It had been advertised as a public hearing online and labeled as such on that night’s agenda, but when over 100 residents of Lake Success showed up at Village Hall on Monday at 7:30 p.m., village Attorney Andrea Curto told them it was not.
“This evening, the board is going to be considering the settlement of ExteNet’s litigation,” Curto, of the Uniondale-based firm Forchelli Deegan Terrana, told those gathered. “It’s not a public hearing, which is why we’re holding this informational session in here.”
Curto then introduced Edward Ross of the Garden City law firm Rosenberg, Calica and Birney, village counsel in Lake Success’ lawsuit against Illinois-based wireless infrastructure provider ExteNet Systems, and Michael Musso, a wireless communications expert and engineer from the Omaha, Nebraska-based firm HDR and consultant on the suit.
No court reporter was present, and, while Mayor Adam Hoffman jumped into the conversation multiple times during a question portion, none of the village’s six trustees, who would later vote on the settlement, were present during the meeting.
“This is not a public hearing, I just want to stress that again, but you will have an opportunity to ask any questions that you want,” Curto said before giving the floor to Ross and Musso.
Ross and Musso then spent over two hours explaining and answering questions from residents on a possible settlement to the lawsuit that would see seven cell nodes placed in the village instead of the 13 originally proposed. Nine of those initial nodes were rejected in May, and none of the four that were approved received a unanimous vote.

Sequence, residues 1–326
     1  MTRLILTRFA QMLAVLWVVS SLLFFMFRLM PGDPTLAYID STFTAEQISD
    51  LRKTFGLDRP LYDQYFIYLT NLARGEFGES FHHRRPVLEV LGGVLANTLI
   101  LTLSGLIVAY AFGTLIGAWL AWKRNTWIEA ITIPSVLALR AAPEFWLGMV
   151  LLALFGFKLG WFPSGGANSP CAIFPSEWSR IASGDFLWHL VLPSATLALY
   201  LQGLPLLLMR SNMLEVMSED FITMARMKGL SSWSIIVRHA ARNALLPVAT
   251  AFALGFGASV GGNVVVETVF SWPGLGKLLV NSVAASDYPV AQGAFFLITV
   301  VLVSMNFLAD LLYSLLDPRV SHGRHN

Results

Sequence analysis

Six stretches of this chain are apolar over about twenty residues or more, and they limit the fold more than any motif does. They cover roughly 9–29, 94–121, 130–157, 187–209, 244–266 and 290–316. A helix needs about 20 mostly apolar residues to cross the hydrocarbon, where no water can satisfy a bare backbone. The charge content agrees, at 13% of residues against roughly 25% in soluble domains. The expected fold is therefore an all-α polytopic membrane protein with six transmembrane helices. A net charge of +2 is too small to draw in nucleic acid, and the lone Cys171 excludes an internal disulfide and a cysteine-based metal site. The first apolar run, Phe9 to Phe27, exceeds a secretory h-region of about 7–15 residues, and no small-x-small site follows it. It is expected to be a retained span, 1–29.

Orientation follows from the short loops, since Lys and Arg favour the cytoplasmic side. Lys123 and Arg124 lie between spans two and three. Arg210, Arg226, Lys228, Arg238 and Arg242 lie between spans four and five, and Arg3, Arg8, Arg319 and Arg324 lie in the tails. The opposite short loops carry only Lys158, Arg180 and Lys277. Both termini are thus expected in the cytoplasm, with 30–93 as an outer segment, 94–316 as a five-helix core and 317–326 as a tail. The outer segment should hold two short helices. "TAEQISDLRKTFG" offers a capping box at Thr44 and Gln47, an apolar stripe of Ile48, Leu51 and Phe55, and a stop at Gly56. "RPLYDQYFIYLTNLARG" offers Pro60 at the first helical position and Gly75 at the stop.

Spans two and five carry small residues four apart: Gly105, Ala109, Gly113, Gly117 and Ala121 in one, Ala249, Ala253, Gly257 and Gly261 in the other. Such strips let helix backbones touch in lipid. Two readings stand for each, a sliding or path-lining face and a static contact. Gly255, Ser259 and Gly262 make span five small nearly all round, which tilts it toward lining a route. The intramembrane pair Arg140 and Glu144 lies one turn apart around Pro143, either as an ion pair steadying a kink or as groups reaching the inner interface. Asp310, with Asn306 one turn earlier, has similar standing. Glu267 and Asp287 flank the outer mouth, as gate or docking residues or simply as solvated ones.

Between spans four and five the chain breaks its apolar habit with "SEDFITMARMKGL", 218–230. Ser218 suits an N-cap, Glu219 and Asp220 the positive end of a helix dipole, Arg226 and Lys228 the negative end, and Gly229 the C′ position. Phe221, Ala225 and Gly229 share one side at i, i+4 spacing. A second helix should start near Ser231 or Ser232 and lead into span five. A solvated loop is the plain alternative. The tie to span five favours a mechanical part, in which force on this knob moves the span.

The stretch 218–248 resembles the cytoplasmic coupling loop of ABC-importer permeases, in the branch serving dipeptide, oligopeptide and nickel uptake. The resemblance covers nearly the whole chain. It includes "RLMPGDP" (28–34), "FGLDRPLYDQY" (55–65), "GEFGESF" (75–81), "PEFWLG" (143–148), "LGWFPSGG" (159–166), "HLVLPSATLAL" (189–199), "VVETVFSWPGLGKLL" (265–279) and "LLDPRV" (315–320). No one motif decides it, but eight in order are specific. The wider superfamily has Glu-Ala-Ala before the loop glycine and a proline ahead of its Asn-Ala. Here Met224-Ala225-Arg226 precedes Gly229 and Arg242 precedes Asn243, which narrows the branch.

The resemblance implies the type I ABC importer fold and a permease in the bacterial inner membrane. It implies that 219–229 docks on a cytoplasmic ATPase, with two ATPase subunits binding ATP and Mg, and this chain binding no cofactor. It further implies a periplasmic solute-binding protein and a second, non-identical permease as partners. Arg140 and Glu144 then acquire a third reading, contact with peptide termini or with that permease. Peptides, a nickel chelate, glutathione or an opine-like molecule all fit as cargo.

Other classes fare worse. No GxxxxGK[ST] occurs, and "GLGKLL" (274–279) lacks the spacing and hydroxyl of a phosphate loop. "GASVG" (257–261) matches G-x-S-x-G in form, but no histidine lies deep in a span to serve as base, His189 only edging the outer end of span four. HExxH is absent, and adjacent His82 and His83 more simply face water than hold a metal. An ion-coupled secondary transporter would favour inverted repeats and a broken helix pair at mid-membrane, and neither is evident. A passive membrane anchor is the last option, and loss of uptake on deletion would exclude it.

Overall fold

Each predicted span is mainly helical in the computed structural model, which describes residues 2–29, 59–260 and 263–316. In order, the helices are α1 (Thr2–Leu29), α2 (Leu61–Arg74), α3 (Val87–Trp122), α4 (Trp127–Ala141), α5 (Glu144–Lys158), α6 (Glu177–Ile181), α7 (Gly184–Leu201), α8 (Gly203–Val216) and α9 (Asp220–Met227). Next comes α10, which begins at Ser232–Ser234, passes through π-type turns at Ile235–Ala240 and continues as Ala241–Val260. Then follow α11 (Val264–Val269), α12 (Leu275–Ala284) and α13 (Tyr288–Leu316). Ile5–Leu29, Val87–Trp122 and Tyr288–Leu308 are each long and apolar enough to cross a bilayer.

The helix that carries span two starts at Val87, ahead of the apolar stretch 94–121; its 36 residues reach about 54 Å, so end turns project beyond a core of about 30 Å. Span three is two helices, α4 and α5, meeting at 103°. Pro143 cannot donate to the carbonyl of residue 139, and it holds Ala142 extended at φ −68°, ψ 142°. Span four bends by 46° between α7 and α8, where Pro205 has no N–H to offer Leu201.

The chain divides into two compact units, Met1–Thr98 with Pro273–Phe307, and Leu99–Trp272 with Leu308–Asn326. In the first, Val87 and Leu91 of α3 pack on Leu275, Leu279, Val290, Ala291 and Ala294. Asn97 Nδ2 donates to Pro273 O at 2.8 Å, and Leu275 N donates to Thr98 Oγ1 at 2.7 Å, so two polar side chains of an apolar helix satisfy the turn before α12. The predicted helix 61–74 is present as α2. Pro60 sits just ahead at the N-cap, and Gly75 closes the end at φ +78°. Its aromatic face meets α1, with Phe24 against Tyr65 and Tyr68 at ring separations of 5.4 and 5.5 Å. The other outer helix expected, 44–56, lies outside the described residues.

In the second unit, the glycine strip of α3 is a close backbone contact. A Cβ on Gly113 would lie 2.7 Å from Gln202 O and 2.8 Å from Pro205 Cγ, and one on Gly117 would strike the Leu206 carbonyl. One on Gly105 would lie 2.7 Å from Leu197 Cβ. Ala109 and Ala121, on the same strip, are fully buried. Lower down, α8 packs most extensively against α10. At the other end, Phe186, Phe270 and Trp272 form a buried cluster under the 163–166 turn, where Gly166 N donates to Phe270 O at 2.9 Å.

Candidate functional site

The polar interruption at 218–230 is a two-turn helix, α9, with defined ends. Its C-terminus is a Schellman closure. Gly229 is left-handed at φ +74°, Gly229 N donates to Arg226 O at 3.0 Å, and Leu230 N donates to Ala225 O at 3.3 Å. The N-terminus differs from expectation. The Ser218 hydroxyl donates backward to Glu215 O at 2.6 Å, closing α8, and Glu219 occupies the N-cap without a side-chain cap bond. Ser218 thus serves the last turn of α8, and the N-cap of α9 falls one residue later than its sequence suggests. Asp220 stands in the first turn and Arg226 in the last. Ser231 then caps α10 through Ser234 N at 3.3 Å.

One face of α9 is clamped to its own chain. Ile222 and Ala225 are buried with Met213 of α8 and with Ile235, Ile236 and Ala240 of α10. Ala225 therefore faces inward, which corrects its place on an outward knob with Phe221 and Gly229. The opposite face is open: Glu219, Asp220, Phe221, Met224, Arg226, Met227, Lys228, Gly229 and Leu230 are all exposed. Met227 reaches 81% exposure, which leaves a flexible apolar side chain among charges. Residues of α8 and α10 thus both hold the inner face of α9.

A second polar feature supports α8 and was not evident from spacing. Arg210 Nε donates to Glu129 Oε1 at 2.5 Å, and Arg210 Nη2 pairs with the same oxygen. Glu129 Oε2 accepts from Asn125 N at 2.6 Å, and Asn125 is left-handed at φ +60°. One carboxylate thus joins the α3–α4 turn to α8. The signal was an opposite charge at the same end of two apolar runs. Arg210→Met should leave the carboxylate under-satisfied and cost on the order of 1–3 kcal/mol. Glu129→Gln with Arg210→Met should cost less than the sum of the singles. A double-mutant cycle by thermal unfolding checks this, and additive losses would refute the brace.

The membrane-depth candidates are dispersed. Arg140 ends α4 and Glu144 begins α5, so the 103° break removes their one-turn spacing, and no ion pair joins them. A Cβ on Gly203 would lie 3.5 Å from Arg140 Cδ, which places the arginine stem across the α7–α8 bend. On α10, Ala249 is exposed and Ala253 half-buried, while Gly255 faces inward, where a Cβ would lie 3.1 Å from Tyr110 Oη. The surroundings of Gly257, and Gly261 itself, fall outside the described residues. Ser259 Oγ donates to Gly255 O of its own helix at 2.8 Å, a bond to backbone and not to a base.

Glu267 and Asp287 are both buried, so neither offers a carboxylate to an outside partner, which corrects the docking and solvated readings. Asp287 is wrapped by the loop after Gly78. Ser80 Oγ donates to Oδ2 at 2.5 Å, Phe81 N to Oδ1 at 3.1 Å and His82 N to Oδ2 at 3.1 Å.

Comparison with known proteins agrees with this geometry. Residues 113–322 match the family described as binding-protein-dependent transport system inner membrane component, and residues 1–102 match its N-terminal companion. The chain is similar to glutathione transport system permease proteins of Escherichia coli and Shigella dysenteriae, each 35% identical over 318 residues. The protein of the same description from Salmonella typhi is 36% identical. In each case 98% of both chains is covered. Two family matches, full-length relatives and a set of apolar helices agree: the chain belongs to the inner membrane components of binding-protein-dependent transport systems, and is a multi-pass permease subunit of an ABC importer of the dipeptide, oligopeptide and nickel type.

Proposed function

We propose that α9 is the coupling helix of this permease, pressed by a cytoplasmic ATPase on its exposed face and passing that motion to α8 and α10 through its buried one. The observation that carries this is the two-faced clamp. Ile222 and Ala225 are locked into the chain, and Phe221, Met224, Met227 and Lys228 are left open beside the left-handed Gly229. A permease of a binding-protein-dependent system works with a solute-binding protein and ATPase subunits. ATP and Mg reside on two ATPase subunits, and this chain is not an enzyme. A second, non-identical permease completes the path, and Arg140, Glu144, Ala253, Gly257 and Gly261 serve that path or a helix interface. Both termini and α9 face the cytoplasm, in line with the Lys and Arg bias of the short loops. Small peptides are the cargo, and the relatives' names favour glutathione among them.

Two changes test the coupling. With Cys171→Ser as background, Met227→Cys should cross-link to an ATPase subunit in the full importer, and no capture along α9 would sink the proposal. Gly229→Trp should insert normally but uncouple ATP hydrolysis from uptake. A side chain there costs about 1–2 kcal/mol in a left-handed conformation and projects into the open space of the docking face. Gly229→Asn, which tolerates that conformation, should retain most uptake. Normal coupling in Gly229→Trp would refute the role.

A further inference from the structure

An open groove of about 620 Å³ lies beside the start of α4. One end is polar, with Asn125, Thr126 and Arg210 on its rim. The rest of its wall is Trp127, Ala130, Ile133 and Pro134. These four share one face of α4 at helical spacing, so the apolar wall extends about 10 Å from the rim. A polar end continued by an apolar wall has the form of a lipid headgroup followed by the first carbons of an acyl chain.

Over the course of the night, residents took issue with the nodes’ locations, appearance and possible health effects.
“We’re in a lawsuit. So what we’re trying to do here is sort of like off the record so people can understand,” Hoffman told Blank Slate Media shortly before the meeting Monday night.
Attorney Kristin O’Neill of New York State’s Department of State, an expert on the state’s open meetings law, said in a phone interview that while the meeting was not illegal under the law, the way it was phrased may have been “misleading.”
“They were under no legal obligation to have the hearing, so they called it a hearing, but it was a meeting subject to open meetings laws,” O’Neill said. “But it sounds more misleading, and it might lead to hard feelings.”
A call to the Village of Lake Success was not immediately returned.